In a word, yes.
Scott from Houston, TX
After several years of heavy draft capital on the defensive side (and this year in free agency), I hope that this year’s draft has an offensive slant to it to maximize weapons and protection around No. 12. Do you think that Gute will have a mindset to give the offense preference this year?
I hope not. I hope his preference is to draft the best players no matter which side of the ball. The Packers have enough roster needs, even after free agency, he can take that approach without regrets.
Andy from Verona, WI
With the team starting its offseason program on April 8, is Coach LaFleur able to distribute playbooks to the players prior to this date, or is the reason for the extra week to learn the new schemes?
The players can get their playbooks on April 8, but the first two weeks of offseason workouts are solely for strength and conditioning. The coaching staff can begin scheme-related work with the players during the voluntary minicamp from April 23-25.
Chad from Bologna, Italy
I understand that the CBA limits coach-player interaction in the offseason. Which side actually wanted this, players or owners and why? It seems a detriment to both sides. I can understand players wanting to limit mandatory stuff, but you think they would love the option to work with coaches in the offseason.
The players’ union wanted it this way. Sure, everything was always voluntary except one June minicamp, but if the second-year guy was coming back in early March to work with the coaches, there was implied pressure on the seasoned vet to do the same. Workout bonuses in contracts also started to make offseason programs voluntary in name only. They used to start less than two months after many teams were eliminated from the playoffs, which coaches loved. But when the owners locked out the players during the 2011 CBA negotiations, the players fought to get more of their offseason back, and the owners were fine with it. Coaches didn’t have a seat at the negotiating table.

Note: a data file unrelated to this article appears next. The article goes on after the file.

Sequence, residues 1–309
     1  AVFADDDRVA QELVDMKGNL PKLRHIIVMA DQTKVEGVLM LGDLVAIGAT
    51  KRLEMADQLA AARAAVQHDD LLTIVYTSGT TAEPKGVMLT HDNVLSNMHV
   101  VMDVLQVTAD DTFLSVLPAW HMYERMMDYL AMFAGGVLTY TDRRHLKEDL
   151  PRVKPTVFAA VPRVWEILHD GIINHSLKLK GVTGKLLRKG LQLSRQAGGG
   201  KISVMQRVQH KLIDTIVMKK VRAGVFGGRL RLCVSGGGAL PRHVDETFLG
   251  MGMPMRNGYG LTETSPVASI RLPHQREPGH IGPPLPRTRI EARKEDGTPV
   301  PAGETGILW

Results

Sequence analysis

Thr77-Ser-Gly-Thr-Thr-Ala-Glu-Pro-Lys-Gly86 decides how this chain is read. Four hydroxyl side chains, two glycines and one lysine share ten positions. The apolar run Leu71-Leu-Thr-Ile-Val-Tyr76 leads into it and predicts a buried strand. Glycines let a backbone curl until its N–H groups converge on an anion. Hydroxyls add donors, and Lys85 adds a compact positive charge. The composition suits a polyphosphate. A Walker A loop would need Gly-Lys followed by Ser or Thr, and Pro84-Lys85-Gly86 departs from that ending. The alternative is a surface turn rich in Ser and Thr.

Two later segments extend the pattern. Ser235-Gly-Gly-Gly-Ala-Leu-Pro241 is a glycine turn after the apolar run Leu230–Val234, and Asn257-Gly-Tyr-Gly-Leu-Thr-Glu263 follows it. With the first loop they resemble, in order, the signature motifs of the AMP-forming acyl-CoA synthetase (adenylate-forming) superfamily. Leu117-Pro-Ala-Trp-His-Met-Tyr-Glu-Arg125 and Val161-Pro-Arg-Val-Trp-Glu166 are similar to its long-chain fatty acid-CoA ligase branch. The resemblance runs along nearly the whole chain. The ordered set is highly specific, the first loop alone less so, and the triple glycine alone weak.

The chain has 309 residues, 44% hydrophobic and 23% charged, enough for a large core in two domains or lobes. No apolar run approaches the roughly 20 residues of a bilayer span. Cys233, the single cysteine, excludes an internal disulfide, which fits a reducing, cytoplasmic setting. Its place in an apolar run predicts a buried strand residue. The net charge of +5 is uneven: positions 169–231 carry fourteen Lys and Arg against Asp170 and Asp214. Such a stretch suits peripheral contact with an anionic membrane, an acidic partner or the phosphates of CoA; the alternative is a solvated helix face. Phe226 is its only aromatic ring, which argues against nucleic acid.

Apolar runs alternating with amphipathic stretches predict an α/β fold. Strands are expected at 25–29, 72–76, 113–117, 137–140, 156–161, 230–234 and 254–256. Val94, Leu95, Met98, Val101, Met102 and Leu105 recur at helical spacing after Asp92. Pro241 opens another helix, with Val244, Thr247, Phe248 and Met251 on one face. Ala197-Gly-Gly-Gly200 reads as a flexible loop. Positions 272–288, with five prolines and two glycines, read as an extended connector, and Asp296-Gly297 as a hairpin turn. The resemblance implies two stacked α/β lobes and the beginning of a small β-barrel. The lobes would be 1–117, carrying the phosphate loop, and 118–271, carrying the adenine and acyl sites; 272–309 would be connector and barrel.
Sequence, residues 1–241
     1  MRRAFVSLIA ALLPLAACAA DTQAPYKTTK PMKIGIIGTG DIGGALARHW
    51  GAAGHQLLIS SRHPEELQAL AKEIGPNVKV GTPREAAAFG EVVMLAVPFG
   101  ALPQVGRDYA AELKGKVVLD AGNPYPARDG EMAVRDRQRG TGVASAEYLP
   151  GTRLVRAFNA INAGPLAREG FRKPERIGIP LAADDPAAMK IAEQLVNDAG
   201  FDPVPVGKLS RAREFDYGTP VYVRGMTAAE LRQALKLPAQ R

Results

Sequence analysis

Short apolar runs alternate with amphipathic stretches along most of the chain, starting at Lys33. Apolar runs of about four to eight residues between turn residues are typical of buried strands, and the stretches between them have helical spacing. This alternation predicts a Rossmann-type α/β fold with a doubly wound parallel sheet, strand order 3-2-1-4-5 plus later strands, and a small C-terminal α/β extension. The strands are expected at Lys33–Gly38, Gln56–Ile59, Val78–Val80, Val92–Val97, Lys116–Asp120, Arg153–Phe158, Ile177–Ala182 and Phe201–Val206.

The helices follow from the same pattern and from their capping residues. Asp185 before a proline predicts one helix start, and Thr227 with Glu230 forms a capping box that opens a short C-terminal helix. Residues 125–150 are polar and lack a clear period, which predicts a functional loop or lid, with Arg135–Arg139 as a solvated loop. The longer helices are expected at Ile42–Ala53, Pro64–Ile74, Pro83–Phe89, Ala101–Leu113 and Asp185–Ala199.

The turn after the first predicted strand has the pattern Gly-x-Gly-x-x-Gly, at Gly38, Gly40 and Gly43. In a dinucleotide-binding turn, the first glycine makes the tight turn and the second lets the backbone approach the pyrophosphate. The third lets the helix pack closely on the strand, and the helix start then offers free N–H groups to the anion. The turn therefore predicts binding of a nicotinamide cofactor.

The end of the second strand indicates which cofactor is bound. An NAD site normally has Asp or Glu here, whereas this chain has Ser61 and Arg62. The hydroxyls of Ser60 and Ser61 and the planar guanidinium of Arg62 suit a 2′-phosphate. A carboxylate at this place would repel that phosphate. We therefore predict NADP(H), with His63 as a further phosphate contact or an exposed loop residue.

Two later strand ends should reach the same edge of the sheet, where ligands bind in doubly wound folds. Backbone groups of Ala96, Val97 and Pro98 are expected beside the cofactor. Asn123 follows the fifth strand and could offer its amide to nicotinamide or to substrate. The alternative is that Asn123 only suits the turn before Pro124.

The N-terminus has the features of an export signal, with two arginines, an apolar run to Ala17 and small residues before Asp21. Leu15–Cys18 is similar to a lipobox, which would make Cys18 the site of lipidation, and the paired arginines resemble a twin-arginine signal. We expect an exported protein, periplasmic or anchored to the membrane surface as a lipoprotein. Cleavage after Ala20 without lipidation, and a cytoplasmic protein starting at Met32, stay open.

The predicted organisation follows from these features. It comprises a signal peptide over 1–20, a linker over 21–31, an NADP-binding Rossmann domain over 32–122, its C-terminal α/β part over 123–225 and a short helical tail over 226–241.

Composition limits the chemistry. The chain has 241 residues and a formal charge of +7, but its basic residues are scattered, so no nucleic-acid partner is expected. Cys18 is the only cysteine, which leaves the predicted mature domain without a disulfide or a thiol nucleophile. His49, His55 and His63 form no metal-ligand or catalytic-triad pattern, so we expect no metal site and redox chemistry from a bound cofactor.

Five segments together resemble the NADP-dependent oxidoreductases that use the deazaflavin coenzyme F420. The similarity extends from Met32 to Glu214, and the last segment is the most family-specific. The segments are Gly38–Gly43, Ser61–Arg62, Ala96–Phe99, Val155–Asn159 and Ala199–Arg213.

Ani from South Milwaukee, WI
If you had to pick between watching film with LaFleur or Gutey, who would you pick? Or who would you rather watch film with between a scout or an assistant coach?
Both would be fascinating in their own right, but anytime I’ve been within earshot of a coach talking about scheme, I realize how little I know about the game at this level. So I’d have to pick LaFleur or an assistant coach to learn more about X’s and O’s over scouting evaluations.
Paul from Manitowoc, WI
Prognostication. Do NFL teams look at position depth projections for future drafts, and will these projections affect their decisions in the current draft, especially if those positions in the current draft are not deep?
I don’t think so. Too many variables, and too much can happen in a year.
Dennis from Wisconsin Rapids, WI
Fun and games times: Yelich was named NL Player of the Week for Week 1. If a Packers player wins Player of the Week honors to open the season, and it's not Aaron Rodgers, who will it be?
Given what Mack did at Lambeau Field in his first game for Chicago, maybe one of the Smiths could return the favor. Or Amos against his old club.
Al from Green Bay, WI
I shouldn't look at mock drafts. But I confess, I have. Several. While there is consistency in the top three picks among the "experts," it's all over the board after that. Are there a couple players you are secretly hoping will be available at pick 12? It's almost as if the only way to know who the Packers are going to draft is to wait until the actual draft.
Another astounding concept. I said in this space after all the free-agent moves, my mind went to LSU’s Devin White, so I’ll have to stick with that. But I don’t think he’ll be there at 12.
Richard from Clearwater, MN
I know the tape will be the ultimate reason a guy is drafted, but how can you look at the quotes chosen in Dalton Risner's Prospect Primer and not fall in love with that attitude and mindset?
I also said, when I returned from the combine, that something about Risner just made it feel like he fits the Packers. I’ll stick with that, too. Happy Wednesday.